Ben Brooks on an iTunes Plus-esque upgrade fee for iCloud:
I am guessing you will have to pay a one-time cloud upgrade fee on a song by song basis. Perhaps $0.30 a song, maybe less. Once you do that, those songs are available in the cloud.
This would make sense, but it’s quickly going to be expensive. If 10% of the hypothetical 1000-song library is CD-ripped, that’s $30. That’s only 100 songs, or about 8 CDs (using top-secret bullshit estimation). I have a lot more than 8 CDs-worth not purchased through iTunes.
Since the rumour mill has all but confirmed an upcoming revamp/refresh/reinvigoration of the MobileMe service, apparently to be dubbed “iCloud”, it would be a good idea to explore the problems they might attempt to solve with it, specifically with music syncing.
In recent memory, Apple has been rather slow to introduce necessary (or “necessary”) features to iOS devices; copy and paste, and multitasking are two of the more notable examples. But, as it has been said time and time again, Apple tends to implement these features in a more logical, more intuitive and better way than the contemporary best version. In the last few weeks, Amazon has introduced a digital locker, and Google just announced Google Music Beta. Both are cloud-based music storage solutions (marketing speak be damned). And now Apple seems poised to jump into this field with a service of their own.
The current crop of cloud storage spaces work beautifully for documents, bookmark syncing and photos, all of which tend to be formats measured in kilobytes or just a few megabytes. Music and movies tend to reside in libraries measuring several gigabytes. While I would like to be enthused about Google Music Beta, it requires the user to upload their library. A 1,000-song library, using Apple’s estimations, is about 8 GB. Assuming a typical home user will have a 1 mbps upload, this will take over 18 hours of solid uploading to initially sync their entire music library. That’s simply far too long. Any time music is added to or removed from your library, Google’s tool will automatically make the necessary changes in the cloud. It’s good that it’s automatic, but it still takes time. It’s 2011. Why does online storage have the same (in)convenience it did back in 1995 with FTP?
Amazon does a way better job. Any time you purchase a song through Amazon MP3, that song gets added to your Digital Locker. This also goes for movies and TV shows purchased through those Amazon services. And yet neither solution helps me much, because I am Canadian.
In fact, anyone outside of the US cannot appreciate either of these solutions. Neither Amazon nor Google sought licensing from any record label to begin their cloud locker services. You can argue ad nauseum about whether or not they should be required to get this permission, but the fact remains that they’re treading on their (lawyers’) interpretation of American fair use laws.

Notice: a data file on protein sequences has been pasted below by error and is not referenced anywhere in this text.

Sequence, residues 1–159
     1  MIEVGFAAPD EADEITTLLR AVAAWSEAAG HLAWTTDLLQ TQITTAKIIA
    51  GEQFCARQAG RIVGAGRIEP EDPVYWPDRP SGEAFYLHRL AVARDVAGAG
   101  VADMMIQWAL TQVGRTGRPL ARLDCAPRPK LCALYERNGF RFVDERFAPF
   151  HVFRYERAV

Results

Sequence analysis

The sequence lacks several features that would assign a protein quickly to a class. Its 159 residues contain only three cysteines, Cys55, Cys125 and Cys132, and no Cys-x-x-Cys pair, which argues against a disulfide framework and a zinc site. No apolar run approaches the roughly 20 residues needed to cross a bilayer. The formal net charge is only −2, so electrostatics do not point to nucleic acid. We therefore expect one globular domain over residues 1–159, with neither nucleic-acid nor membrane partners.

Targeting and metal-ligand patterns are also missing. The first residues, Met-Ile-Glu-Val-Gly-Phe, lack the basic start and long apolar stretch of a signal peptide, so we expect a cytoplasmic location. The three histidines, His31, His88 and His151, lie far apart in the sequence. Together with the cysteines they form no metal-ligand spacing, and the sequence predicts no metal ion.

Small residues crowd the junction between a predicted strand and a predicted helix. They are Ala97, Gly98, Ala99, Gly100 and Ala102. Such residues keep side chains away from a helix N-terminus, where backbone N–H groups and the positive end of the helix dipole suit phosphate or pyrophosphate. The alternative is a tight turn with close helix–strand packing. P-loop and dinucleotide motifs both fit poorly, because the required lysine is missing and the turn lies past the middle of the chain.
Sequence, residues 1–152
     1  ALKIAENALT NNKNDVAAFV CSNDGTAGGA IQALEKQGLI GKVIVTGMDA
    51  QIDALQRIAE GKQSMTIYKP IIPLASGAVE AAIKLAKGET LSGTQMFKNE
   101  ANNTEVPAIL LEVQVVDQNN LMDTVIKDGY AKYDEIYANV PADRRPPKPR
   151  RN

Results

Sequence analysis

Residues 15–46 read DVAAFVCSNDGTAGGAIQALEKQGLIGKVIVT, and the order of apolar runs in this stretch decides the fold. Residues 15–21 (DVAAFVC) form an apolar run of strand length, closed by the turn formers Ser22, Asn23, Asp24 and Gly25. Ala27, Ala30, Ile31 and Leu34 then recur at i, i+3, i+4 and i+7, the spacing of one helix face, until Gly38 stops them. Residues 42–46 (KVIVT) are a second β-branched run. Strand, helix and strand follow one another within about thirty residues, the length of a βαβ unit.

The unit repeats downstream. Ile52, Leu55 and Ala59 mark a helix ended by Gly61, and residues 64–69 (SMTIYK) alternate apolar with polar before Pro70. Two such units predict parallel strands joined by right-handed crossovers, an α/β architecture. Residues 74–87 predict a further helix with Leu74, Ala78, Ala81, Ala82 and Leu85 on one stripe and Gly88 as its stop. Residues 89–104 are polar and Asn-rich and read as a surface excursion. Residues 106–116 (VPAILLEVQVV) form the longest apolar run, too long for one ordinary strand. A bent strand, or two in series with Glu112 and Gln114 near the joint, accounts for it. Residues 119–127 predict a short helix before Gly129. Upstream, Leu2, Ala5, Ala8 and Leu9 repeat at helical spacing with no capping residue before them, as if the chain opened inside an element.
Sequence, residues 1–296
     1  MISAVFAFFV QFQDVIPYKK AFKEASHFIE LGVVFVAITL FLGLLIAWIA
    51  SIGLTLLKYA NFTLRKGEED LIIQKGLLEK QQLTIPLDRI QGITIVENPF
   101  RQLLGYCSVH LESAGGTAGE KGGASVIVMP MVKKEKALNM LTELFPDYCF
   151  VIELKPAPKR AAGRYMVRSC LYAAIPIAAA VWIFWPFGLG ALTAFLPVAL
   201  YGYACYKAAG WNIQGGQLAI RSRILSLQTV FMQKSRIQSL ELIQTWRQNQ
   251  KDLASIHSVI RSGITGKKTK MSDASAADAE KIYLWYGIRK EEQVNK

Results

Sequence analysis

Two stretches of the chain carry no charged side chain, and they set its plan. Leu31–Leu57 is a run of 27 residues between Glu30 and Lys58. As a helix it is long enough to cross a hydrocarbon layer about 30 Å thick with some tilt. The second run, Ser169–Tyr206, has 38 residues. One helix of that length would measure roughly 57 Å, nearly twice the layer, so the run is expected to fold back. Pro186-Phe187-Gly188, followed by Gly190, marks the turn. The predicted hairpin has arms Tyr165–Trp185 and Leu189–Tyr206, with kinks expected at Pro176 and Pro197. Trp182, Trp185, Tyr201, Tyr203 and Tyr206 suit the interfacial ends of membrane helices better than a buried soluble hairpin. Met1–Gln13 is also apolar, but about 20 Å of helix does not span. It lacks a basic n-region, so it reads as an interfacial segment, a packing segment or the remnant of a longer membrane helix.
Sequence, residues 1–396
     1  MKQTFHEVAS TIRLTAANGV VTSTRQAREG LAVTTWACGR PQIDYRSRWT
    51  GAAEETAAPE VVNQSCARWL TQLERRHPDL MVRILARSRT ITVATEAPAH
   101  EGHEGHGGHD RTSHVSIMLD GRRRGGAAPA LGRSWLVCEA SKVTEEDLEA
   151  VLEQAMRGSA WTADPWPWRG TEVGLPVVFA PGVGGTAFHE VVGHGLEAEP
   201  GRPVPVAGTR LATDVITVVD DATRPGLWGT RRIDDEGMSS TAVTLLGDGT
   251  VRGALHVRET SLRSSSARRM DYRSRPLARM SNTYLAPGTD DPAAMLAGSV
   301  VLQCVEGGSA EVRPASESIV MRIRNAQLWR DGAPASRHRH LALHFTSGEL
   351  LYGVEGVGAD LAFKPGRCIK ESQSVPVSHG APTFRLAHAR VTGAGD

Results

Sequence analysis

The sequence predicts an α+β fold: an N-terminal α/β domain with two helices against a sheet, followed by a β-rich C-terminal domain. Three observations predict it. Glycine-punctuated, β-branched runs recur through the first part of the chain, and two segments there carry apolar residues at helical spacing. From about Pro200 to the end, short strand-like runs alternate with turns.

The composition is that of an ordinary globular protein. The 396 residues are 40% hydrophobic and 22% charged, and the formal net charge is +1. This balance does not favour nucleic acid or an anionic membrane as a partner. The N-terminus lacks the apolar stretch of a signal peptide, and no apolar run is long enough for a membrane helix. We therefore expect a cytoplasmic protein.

In summary, then, the current state of cloud music storage relies on American fair use laws and individual users to manually upload their music files. Wouldn’t it be nice to change that?
Unlike Google or Amazon, Apple sells digital music in 26 countries. Apple has a much greater advantage in ensuring that the service they provide will be available in all of (or a majority of) the countries the iTunes Store is available in. Conversely, Apple has a major disadvantage if this service were to only be available in the US.
How will this service work, then? Will the user be required to upload all of the individual music files they own, à la Google Music? This is slow and cumbersome, as established. Will all tracks purchased from iTunes automatically be made available in the cloud? This has the potential to exclude large amounts of a user’s library if that user has ripped music from CDs or purchased it from other services such as Amazon MP3 and Beatport. As an example, while I have a substantial music library, only around 500 songs in it have been purchased from the iTunes Store, significantly less than the number of CDs I’ve ripped.
It would be in Apple’s best interest to allow access to all songs purchased through iTunes by default, but also allow users to add their own music to the bucket. The problem, as ever, comes back to the record labels and local laws. Since Apple cannot determine whether or not you actually own the songs you’re uploading, they might be granting you storage of your enormous library of pirated music. This would, to put it mildly, displease the record labels.
It’s a tricky and complex issue. Not providing users with the ability to upload their own files is grounds for user dissatisfaction, but allowing them this ability will piss off the record labels. And when record labels get pissed off, ordinary people tend to suffer most.